"How To Do It" books have headed best-seller book lists since Ben Franklin taught kids to fly a kite. America's most renowned philosopher, politician, writer, scientist and printer wrote pamphlets on just about everything there was to write about from bifocal-grinding do-it-yourself journalism.
Emily Post, for example, wrote a slew of books on etiquette; Helen Gurley Brown wrote eons for single girls on the fine art of landing a man; and one particularly boring House & Garden magazine editor wrote a masterpiece on table-setting, paying particular heed to the correct placement of dessert spoons to soup spoons.
For all the reading I have done, however, and much as I have longed for an eclectic education via the printed word, I have yet to come across something the least bit helpful in last-roundup preparation. I'm talking about the knock on the door from a bent-over hooded figure weighed down with that ungainly scythe. It is not a figure you would impulsively welcome with open arms, which is why this is being written.
As Grandma used to say, "'Tis better to be on your tippy-toes, my dear, than flat on your heels." For sake of space-saving let me call this caller Rickie rather than "Reaper" and let it go at that. If you ready yourself for his inevitable visit, things will go a lot more smoothly, or so I believe without having actual proof.
For one thing - and this is paramount - don't say anything because nobody will listen, and practice being invisible because your presence has long gone unnoticed. Also, forget you ever had a name, because for the last year or so you are on this side of the grave, you will be known as "she," "her," "that woman" or "the old girl."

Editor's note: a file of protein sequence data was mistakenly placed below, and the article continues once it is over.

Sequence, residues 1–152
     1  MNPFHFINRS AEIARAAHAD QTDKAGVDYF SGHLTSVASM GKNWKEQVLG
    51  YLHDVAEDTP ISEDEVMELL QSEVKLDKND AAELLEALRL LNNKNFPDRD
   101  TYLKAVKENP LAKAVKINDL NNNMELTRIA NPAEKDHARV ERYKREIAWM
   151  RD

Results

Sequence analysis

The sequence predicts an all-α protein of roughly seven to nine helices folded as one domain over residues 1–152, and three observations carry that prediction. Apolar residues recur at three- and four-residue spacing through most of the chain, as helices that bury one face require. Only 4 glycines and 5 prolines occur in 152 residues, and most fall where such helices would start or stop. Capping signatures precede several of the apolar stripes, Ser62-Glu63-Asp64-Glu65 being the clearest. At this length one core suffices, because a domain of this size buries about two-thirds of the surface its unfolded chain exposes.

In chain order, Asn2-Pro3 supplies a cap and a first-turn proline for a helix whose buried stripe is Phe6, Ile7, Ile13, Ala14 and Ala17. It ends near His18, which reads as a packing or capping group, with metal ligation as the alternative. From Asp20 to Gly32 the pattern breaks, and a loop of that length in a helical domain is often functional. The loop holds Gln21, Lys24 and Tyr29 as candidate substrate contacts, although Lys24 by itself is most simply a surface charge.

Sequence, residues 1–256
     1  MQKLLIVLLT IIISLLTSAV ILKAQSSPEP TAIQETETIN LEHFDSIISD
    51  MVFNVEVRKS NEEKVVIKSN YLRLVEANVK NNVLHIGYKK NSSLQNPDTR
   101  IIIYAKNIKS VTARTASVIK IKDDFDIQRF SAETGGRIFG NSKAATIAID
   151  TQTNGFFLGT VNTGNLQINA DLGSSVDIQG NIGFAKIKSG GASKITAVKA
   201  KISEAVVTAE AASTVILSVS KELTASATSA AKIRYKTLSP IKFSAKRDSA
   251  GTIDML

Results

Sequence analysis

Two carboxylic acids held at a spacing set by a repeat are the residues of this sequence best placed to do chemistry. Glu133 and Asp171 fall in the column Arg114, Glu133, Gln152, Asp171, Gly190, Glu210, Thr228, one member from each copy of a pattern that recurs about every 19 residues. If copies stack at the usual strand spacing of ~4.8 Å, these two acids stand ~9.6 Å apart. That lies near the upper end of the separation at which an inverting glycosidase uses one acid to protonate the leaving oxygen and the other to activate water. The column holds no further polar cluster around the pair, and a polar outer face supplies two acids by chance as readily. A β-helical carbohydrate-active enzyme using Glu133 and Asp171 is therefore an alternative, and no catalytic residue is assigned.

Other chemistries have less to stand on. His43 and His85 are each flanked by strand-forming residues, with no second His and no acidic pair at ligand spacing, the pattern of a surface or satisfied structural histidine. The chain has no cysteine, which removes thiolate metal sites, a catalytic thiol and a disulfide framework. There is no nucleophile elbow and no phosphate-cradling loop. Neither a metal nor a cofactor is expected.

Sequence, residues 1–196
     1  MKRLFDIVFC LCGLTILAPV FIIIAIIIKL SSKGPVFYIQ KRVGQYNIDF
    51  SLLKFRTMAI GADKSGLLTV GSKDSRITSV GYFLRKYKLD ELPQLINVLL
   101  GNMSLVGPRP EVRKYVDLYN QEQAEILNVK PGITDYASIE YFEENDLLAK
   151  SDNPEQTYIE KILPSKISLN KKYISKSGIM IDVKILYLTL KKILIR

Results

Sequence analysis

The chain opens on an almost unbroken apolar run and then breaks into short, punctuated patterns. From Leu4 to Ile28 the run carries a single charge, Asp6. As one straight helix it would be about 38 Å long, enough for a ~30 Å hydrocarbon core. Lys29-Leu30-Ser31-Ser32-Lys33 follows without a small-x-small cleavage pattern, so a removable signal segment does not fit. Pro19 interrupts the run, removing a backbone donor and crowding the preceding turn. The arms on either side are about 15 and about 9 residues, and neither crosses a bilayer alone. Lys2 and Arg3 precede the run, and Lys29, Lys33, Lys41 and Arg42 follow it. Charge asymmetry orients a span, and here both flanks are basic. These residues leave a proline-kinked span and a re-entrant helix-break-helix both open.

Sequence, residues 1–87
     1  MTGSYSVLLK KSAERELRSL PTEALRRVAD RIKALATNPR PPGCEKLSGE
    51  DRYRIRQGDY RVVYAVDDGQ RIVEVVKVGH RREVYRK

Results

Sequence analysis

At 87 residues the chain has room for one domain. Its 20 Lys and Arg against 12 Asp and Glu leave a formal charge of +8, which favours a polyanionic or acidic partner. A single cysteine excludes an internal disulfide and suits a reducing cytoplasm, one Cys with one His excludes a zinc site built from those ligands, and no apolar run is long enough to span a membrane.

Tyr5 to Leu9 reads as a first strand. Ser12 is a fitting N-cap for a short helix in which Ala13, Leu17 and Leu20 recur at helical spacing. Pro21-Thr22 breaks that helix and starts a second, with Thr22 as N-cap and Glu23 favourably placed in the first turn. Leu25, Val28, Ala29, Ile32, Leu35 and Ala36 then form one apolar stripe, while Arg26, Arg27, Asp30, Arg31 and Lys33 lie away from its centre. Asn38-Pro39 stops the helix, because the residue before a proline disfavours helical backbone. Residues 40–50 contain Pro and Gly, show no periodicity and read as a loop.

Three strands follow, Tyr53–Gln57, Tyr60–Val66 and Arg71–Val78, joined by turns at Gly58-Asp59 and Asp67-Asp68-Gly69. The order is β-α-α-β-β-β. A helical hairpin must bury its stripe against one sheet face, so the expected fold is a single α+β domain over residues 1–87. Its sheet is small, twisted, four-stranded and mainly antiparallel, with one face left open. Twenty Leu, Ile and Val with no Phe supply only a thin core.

When my younger son was still a toddler, he walked into rooms backwards, figuring that if he couldn't see its occupants its occupants couldn't see him. Once inside the room, no matter the direction you're headed, aim for a corner chair facing a wall with space enough to droop your head - the preferred position being between the knees. No one will give you a second look because, if you've been faithfully following these tips for any length of time, you will have mastered the art of blending smoothly into the wallpaper. Cabbage-rose prints work just fine because a lot of people have heads that resemble the fully matured type of rose - not to mention its ruddy complexion.
This story is also accompanied by a disclaimer saying that my family does not ignore me very much at all and has even at times been known to have taken what I've said with a certain degree of interest. I have, by now, told my poor friends and relatives and drop-in visitors the same old stories. I can see my listeners' eyes glaze before I even get past the "have I ever told you?" stage.
I'll admit it is hard to keep boredom at bay for people who are almost 100 years old and harder yet to keep one's spirits high when aging skin gets scabbier by the minute (where do all those blotches come from anyway?), but it is possible. Even the most arduous setbacks can be mastered with sufficient practice.
Above all, and this trite little saying should be underlined: "Keep your sense of humor, and practice punch lines to perfection." When you are old and forgetful, it is perfectly all right to make up interesting stories about yourself and to take credit for the accomplishments of others. Rather than sit on a hard chair pretending to be interested in one tedious tale after another, most visitors would gladly listen to a judicious assortment of funny lies and outrageous deeds. All it takes is practice, practice, practice.